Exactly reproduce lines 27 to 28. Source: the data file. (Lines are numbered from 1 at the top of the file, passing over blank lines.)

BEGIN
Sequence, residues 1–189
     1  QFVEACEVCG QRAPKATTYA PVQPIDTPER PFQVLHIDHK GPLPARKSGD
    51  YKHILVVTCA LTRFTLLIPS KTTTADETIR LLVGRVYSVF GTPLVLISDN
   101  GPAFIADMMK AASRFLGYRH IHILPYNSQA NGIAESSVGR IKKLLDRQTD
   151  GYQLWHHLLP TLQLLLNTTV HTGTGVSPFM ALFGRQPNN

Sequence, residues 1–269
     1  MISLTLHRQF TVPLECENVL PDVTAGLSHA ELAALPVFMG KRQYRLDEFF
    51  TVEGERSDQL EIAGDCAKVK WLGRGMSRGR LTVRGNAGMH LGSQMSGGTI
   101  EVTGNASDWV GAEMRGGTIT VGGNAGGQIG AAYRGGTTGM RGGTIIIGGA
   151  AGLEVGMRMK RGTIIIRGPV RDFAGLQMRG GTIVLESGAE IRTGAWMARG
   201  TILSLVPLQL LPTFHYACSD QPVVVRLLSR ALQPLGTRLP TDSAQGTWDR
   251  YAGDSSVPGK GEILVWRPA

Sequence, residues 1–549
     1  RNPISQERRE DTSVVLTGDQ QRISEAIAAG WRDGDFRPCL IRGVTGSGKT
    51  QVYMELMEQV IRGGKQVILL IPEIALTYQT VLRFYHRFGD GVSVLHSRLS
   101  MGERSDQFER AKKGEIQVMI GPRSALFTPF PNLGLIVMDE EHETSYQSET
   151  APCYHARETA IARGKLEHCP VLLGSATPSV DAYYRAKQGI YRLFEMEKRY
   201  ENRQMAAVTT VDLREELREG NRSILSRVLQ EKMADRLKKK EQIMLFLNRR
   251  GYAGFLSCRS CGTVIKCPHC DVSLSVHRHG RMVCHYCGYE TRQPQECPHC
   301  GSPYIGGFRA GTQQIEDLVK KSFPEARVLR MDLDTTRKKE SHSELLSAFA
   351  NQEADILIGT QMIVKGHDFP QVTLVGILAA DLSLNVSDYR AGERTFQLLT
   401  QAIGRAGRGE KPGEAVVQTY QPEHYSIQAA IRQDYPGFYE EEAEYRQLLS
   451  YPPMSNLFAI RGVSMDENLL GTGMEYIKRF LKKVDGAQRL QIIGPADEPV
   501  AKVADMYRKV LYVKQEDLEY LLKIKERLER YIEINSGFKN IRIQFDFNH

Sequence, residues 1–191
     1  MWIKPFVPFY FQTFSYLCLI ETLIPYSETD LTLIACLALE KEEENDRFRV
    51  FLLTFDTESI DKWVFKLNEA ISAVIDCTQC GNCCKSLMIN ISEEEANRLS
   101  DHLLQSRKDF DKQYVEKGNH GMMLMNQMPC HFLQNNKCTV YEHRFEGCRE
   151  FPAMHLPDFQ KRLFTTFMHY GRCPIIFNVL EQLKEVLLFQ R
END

    51  FLLTFDTESI DKWVFKLNEA ISAVIDCTQC GNCCKSLMIN ISEEEANRLS
   101  DHLLQSRKDF DKQYVEKGNH GMMLMNQMPC HFLQNNKCTV YEHRFEGCRE